Great-Grandmother, 70, Recounts 5 Days Trapped in Car Before Dramatic Rescue: 'This Isn't Real'
Sharon Leaming, who survived on just two bananas two bottles of water, had five broken ribs, a broken back and bruises.
A 70-year-old great-grandmother is opening up after she survived five days trapped in her car after crashing 40 feet down an embankment in Washington state last month.
Sharon Leaming has five broken ribs, a broken back and a giant bruise on her face.
She told Inside Edition she is "in pain," but considers herself lucky.
“When I hit that tree, I didn’t leave any marks," she told Inside Edition. "I flew right over the bush."
She was trapped and helpless. Only left with two bananas and two bottles of water for food and hydration, she was unable to move or grab her cell phone.
For the next five days, she yelled for help.
“I would scream, 'Help' and '911,'" she recalled.
It wasn't long before her family grew worried after she failed to show up for a visit.
Sharon's nephew, Bob, and her son, Jerry, jumped into action along with law enforcement.
Their only clue was a ping from a cell phone tower that covered several miles along Route 12, which is about two hours outside Seattle.
“We didn’t know if we were looking for a car or just the phone,” he recalled.
They had to search hundreds of roads nearly impossible to access.
“A lot of the roads are just old logging roads," Bob said. "There were overgrown areas with trees with limbs sticking out. It's difficult to get a vehicle down, but each one had to be checked.”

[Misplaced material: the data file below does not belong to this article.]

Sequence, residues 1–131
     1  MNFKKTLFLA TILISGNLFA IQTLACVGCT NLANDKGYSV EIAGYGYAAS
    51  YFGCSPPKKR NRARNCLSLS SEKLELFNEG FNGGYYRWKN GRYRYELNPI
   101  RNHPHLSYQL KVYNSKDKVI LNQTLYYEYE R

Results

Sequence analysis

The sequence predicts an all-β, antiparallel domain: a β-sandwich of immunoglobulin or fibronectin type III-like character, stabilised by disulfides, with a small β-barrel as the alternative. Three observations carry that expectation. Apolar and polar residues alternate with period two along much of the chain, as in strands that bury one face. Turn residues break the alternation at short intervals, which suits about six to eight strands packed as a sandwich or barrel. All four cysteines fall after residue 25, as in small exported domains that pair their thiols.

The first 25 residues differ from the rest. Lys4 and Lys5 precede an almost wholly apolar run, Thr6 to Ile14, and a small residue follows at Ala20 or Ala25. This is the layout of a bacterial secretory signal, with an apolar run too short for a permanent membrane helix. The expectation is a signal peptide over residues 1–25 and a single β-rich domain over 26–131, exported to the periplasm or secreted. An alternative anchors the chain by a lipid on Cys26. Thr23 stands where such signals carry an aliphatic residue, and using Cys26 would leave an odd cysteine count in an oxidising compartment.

At one point during the search, Bob noticed something was amiss during a particular part of the road.
“I was just looking over the edge and the more I looked, the more I could see the brush was disturbed a little bit,” he recalled.
Suddenly, he heard his aunt calling out for help.
At first, she couldn’t believe her ordeal was over, believing she was hallucinating and not that anything was actually happening.
“I thought, 'Oh, this isn't real,'" she recalled. “When I first heard a voice, I was down in the trees."
“She couldn’t believe that I found her," Bob said. "She was expecting a search and rescue team."
It took half a dozen rescue workers to free her from the wreckage and bring her to a clearing where she could be airlifted to a hospital.
When Bob saw the car for the first time after her rescue, he got emotional as the memories came flooding back.
“It’s just crumpled in and the top is buckled,” he said.
She added that she “never gave up hope" and honked the horn of the car for two days until the battery died.
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